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Could Medical Marijuana Reduce Dependence on Opiates in Utah?

Utah lawmakers heard from experts about medical marijuana at the state Capitol Wednesday. One doctor testified that marijuana products could not only provide medical benefits, but might also help reduce the number of Utahns addicted to opiates.

Dr. Lynn Webster has been a clinician in Salt Lake City for over 30 years. He’s also past president of the American Academy of Pain Medicine. Dr. Webster says Utah has an epidemic opiate abuse problem, and those in the chronic pain management field are increasingly recognizing cannabinoids as potential replacements for opioids.

“Prescription opioid deaths are affecting nearly every community in Utah,” Webster says. “We need to do something to replace the use of the opioids, and I hear a lot from my colleagues in other states that they’re able to reduce the amounts of opioids tremendously when they’re allowed to use marijuana.”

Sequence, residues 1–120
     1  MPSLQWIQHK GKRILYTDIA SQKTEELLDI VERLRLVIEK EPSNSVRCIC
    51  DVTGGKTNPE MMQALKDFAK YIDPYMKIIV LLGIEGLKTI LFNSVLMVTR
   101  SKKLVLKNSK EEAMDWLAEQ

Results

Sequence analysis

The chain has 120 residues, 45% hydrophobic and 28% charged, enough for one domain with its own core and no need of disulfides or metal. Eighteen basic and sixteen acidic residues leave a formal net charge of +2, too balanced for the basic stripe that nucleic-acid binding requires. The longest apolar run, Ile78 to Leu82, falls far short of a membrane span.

Webster acknowledges that more research is needed about the risks and benefits of medical marijuana products, but he points out that in Utah in 2012, there were 308 deaths from prescription drugs and 0 from cannabis nationwide. Representative Edward Redd of Logan is also a physician. He says, if Utah can find a way to take a measured and controlled approach, he supports it.

“But if you just say here’s 300 different strains of marijuana, go out and smoke it for your pain relief, I have a problem with that, because I don’t know what’s going to happen,” Redd says. “By making that recommendation as a physician, I can end up hurting people more than helping them.”

Republican Senator Mark Madsen from Saratoga Springs is working on new legislation which he says will restrict medical marijuana treatments to a limited number of conditions including cancer, Multiple Sclerosis, Crone’s disease and chronic pain. It will also limit those who can prescribe it to specialized medical providers. 

Andrea Smardon is new at KUER, but she has worked in public broadcasting for more than a decade. Most recently, she worked as a reporter and news announcer for WGBH radio. While in Boston, she produced stories for Morning Edition, Marketplace Money, and The World. Her print work was published in The Boston Globe and Prior to that, she worked at Seattleââ
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